Meet 9 of Charlotte’s Most-Followed on Social Media

It was a nice surprise to be included on this list in The Charlotte Observer.  I was certainly shocked when I got the call a few weeks ago that my foray into social media less than 5 years ago had grown to this point.

I described below but I do Instagram because I love it and think this visual form of social media is my favorite by far.  I love the incredible opportunities it has afforded me and true friends I have made through these social media connections.  

I am honored to be a part of this modern world…and how precious is that pooch? 

 Meet 9 of Charlotte’s most-followed on social media

So, we’re not a city of celebrities. We get giddy spotting Michael Jordan dining out, or actress Angie Harmon at Target. 

But Charlotte does have is its share of social media personalities who’ve drawn sizeable followings, both regionally and internationally, for everything from haircuts to dog videos. 

We asked social media analytics company Ground Signal for a list of the city’s top-followed citizens (who aren’t already known celebrities or sports stars) on social media.

[Meet Charlotte’s Instagram star, a 25-year-old with 380, 000 followers, the last time we looked: read how she did it here – and get some tips from her here.]

Here are nine you probably don’t know, despite the size of their followings (which we listed at press time and may be bigger now):

Greg Baskwell

@gregbaskwell: 183 million Vine loops; 93, 000 Instagram followers

WHY HE’S POPULAR: The internet loves adorable dogs, and 26-year-old Baskwell’s well-mannered pooch, Finley, is the reason so many follow Baskwell on Vine and Instagram. Baskwell, a 2012 N.C. State graduate and SwimMAC coach, creates clever storylines for the short Finley videos, and it’s impossible not to smile while watching a dog prepare for Christmas (with human hands), drive a car or make breakfast. Finley videos have been featured on Tosh.0, truTV’s Top Funniest, and Britain’s Rude Tube. Baskwell sells the rights to some of his videos to companies who get them on TV, and says his social media earnings match about half of his full-time coaching salary.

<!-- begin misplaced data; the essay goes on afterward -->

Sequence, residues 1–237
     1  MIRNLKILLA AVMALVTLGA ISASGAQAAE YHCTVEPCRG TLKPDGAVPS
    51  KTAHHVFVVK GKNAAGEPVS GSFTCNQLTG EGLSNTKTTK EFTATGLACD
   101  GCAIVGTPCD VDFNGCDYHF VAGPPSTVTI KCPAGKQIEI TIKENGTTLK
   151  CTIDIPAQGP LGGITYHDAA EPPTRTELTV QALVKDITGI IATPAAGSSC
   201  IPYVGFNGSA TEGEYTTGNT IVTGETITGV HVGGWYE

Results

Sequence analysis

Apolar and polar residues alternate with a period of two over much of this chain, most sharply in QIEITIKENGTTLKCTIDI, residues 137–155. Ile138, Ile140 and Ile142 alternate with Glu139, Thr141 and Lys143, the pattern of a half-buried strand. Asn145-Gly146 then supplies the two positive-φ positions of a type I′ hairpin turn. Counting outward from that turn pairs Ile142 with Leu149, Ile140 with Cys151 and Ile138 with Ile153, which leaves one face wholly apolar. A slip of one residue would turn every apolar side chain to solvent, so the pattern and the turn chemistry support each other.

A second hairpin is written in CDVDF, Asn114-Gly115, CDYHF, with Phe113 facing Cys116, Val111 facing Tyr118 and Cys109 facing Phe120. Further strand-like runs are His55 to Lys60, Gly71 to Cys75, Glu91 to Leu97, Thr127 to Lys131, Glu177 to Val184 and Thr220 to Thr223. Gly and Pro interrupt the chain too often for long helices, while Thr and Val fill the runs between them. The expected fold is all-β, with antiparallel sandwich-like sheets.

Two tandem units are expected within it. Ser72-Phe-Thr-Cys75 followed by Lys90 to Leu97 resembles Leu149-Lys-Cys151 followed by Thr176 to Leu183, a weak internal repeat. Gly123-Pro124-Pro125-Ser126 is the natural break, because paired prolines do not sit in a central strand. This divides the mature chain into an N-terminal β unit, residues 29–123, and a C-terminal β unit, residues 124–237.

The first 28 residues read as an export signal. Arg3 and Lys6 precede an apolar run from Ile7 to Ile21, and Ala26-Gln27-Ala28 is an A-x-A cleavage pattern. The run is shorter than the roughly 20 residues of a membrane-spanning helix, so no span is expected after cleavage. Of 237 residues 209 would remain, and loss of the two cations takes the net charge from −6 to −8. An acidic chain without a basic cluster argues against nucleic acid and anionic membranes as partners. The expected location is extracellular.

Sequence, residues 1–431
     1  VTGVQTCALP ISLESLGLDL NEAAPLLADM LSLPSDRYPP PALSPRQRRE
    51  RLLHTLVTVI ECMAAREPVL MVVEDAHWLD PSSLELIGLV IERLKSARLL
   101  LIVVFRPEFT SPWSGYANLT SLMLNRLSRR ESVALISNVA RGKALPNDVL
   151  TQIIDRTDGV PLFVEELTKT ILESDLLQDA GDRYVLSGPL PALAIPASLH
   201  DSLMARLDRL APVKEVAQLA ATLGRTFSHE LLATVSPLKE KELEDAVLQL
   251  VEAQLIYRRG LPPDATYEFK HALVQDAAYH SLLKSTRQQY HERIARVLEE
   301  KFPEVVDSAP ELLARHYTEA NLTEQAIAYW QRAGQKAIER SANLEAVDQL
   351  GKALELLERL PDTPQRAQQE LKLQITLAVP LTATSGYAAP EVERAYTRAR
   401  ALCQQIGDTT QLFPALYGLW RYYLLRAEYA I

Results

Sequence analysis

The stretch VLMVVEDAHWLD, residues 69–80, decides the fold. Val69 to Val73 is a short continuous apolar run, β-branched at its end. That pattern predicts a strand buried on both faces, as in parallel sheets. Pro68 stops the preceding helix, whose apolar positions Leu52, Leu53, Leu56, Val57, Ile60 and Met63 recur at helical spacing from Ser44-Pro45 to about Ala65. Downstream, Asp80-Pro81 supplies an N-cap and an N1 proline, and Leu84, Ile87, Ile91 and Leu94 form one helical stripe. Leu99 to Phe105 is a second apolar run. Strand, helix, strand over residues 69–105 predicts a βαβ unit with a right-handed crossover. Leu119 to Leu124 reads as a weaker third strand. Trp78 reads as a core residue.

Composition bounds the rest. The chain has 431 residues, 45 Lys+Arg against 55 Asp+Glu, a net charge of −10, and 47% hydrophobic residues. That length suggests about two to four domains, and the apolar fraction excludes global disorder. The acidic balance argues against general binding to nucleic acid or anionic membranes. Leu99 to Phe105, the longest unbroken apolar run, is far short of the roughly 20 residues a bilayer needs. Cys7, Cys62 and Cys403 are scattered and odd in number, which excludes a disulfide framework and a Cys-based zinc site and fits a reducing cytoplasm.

ON SOCIAL MEDIA FAME: “Some people I know would jokingly say I’m famous. I don’t think of that at all, until somebody actually recognizes me in public. … I’m just a guy who makes videos of my dog.” 

William Wilson

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@theclothier: 106, 000 Twitter followers; 40, 000 Instagram followers

WHY HE’S POPULAR: The owner of an eponymous men’s custom suit business, Wilson brings his followers along on his celebrity-studded entrepreneurial journey, and counts his contacts with celebrities (he says he considers George Lopez and Don Cheadle friends) as a major reason his social media profile has boomed in recent years. He says his large following gets him comped meals, hotel upgrades and the occasional freebie, and he’ll sometimes walk into a room where he knows no one but many people know him.